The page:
It’s not surprising that Warner Bros. and Monolith Production will return to Tolkien’s sinister lands in Middle-Earth: Shadow of War, but we didn’t know the game even existed coming into 2017. Target spilled the goods in late-February, however, when it listed the game and posted the cover art alongside the title’s tentative launch date. A few hours later, the studio officially confirmed the game with a proper announcement trailer. We won’t have to wait long to head back to Middle Earth, either — Shadow of War arrives August 22.
The game’s prequel, Shadow of Mordor, was an unexpected delight, so it’s safe to say that expectations run high for the sequel. Monolith offered up a lengthy gameplay trailer at GDC, which showed us that the world is even darker and grimmer than before — and, as expected, riddled with gruesome violence. Here’s everything we know so far about Shadow of War.
At GDC, Monolith showcased Shadow of War with the lengthy gameplay trailer above. One of the things we learned from the trailer was the narrative setup, although much of the narrative is still shrouded in mystery. Protagonist Talion will still host Celebrimbor, the elven Wraith that revived him from the dead after Talion and his family were slaughtered by the Black Hand of Sauron.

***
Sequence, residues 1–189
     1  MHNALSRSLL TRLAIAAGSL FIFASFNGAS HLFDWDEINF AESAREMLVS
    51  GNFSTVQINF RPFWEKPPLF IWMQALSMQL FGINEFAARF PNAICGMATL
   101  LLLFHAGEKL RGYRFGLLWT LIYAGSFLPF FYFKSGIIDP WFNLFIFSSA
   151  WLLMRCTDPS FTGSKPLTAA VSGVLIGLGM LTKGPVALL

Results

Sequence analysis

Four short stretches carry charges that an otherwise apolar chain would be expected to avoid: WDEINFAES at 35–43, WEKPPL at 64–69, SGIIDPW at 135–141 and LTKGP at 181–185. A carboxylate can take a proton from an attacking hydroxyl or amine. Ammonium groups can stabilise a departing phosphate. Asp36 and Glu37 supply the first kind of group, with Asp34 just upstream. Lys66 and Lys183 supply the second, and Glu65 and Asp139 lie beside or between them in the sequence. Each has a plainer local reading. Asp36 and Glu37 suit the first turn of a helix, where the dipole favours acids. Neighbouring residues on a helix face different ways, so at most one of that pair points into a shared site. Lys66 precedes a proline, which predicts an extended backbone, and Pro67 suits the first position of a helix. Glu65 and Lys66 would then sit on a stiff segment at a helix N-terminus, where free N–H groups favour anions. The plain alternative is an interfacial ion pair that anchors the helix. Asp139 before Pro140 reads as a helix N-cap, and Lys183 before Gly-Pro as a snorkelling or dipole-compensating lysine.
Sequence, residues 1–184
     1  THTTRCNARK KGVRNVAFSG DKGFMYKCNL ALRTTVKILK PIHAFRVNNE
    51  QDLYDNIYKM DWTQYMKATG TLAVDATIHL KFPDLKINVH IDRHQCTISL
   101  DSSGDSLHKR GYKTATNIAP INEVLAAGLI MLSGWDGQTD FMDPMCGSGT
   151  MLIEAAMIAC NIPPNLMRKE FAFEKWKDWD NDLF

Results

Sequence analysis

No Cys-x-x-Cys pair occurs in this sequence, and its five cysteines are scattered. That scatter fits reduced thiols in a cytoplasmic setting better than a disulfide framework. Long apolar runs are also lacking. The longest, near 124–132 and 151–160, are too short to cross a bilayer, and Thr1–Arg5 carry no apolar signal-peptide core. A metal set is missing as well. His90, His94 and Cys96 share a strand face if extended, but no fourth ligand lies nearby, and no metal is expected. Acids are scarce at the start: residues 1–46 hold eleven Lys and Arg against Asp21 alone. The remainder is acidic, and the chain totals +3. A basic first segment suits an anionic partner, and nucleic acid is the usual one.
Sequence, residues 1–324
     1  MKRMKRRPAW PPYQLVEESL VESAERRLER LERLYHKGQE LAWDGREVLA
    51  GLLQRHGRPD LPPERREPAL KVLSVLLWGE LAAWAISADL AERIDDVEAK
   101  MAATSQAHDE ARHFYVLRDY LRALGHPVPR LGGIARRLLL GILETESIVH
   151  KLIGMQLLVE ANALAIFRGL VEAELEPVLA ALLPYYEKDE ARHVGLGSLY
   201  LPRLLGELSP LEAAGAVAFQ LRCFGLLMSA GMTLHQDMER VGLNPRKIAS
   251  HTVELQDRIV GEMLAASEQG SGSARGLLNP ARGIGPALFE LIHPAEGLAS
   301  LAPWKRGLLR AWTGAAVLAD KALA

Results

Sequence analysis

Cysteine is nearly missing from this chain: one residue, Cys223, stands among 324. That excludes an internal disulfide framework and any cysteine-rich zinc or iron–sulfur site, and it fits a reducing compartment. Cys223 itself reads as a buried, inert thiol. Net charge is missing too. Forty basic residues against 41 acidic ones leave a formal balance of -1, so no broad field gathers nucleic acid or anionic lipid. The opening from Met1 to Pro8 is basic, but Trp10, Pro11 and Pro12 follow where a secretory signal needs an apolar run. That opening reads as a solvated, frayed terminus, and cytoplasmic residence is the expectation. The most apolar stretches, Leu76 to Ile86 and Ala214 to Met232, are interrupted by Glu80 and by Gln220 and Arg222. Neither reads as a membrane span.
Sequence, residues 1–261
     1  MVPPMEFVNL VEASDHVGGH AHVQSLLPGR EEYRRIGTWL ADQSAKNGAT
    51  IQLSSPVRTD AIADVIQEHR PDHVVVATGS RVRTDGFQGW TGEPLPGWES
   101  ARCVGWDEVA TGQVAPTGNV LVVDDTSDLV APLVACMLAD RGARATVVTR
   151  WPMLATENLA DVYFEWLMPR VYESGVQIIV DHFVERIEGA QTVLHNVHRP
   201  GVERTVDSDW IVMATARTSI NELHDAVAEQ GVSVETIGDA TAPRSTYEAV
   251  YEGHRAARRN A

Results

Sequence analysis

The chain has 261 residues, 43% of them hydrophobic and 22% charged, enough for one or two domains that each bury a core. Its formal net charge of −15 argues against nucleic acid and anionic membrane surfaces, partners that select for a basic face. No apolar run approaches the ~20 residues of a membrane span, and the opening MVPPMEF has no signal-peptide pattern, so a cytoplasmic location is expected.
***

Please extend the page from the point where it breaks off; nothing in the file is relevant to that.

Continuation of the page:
Shadow of War kicks off directly after the events of Shadow of Mordor, which saw Talion deciding to forge a new Ring of Power. From the trailer, it seems that he followed through, giving him tremendous strength as he eyes taking down Mordor from within with his newly-assembled army. Talion seeks to both conquer Sauron’s army and turn them against him. From the looks of it, Talion may even square off against Sauron himself and finally avenge his slain family.
We’re still a far cry from the events of Lord of the Rings, which take place 60 years later, but Monolith has kept the well-known events of Tolkien s trilogy in mind.
Speaking with Wired, studio head Kevin Stephens said, “It’s a lot like Rogue One — we know the beginning of the next story, so we want to make sure our story fits without feeling arbitrary or contrived.” He also remarked that Shadow of War has both large and small-scale stories to tell, and that the team has striven to create a “more satisfying conclusion” with the sequel.